European SME Strategy

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European SME Strategy

Following the announcement of President von der Leyen, a new SME strategy will be enacted to ensure an efficient regulation for small and medium enterprises, reducing red tape and improving their access to market.

 

The European Commission is finalising the industrial and SME strategies for the College of Commissioners meeting on 4th of March 2020. These strategies will be conducted by the Executive Vice-President Margrethe Vestager (Digital Age) and Vice-President Dombrovskis (Economy).

Both strategies will be the direct responsibility of Commissioner Thierry Breton (Internal Market) who indicated during his audience in the European Parliament that: “It will be a priority for me to contribute to the new SME strategy and new industrial strategy announced by the President-elect. Both will fully integrate our objective to be the first climate neutral continent by 2050 and support the circular economy”.

Commissioner Breton considers mandatory to tackle the challenges that SMEs face, from administrative burden to future foreseen necessities for skilled workers. He indicated that “SMEs should be at the heart of our industrial strategy, as well as of our efforts to enhance the Single Market and drive Europe’s transition towards sustainability, digitalisation and innovation”.

The Commission is probably going to propose this SME strategy as an initiative for strengthening the Small Business Act (SBA). It provides a comprehensive SME policy framework, promotes entrepreneurship and anchors the “Think Small First” principle in law and policy making to strengthen SMEs’ competitiveness. The SBA is based on ten key principles –mainly focused on education and training, regulatory framework, bankruptcy procedures, support services, finance, internationalisation and green economy– and a number of concrete actions fully endorsed by the European Council in December 2008. Creating a business-friendly environment for all enterprises, especially SMEs and new entrepreneurs seems to be a key goal for Commissioner Breton. Following his statements to the European Parliament, the main aspect of the future SME strategy will be:

  1. Improving SMEs’ access to finance: the strategy will include the establishment of a single-entry point for all enquiries on EU financing opportunities, facilitate the use of Initial Public Offerings (IPOs) with the involvement of the InvestEU programme and the enforcement of the late payment directive
  2. Helping them tap opportunities in the new digital and sustainable economy: there will be a stronger use of the existing Enterprise Europe Network (EEN), the biggest SME support network in the world, linking over 600 local, regional and national organisations across Europe. Commissioner Breton will set up dedicated ‘Sustainability Advisors’ within the Enterprise Europe Network and look at making it easier for SMEs to access finance to invest in sustainability. There will be actions aimed to facilitate the use of intellectual Property Rights, dedicated actions for skills and public procurement. The European Digital Innovation Hubs  will be reinforced to enable SMEs to benefit from advice and to test digital innovations. The European Commission will continue with its Start-up Initiative and Startup Europe programme, looking for an easier EU-wide company formation system, access to high tech workers from within and outside the EU (employment visa). To facilitate the scaling-up of existing companies, new initiatives such as the new Deep Tech Europe 100 initiative could help 100 deep-tech high growth businesses to spread out worldwide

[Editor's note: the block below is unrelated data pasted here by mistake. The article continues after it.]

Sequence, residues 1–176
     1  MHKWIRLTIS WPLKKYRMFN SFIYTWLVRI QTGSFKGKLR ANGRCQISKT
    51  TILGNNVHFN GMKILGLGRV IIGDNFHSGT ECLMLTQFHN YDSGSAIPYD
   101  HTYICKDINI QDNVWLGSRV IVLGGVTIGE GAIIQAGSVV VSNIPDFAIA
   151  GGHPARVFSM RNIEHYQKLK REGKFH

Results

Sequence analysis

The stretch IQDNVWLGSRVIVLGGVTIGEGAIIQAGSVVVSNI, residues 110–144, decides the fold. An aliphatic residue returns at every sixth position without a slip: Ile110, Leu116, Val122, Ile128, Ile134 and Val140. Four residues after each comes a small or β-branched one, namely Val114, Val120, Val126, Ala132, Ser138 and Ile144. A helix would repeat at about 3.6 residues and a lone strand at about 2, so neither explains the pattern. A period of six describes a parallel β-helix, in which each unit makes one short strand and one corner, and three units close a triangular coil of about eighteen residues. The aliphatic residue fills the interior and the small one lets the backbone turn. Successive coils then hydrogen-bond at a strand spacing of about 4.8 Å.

3. Reducing the regulatory burdens that SMEs face: Commissioner Breton is going to nominate an SME Envoy. The main role will be to strengthen impact assessments on the effect of major legislative amendments on SMEs. Through this SME Envoy network, the European Commission will work with Member States to establish common priorities in areas where regulatory competence is mixed. There will be special provisions to assure that Single Market rules consider SMEs’ specific needs, that the Digital Services Act gives SMEs and start-ups the predictability and legal clarity that they need.

It is expected a draft of the strategy during the first quarter of the year 2020, around March, based on the discussion that took place during the SME Assembly 2019 (Helsinki, 25-27 November). Important drivers of the strategy would be sustainability, digital transformation and regional broad-based growth.

More information can be found here.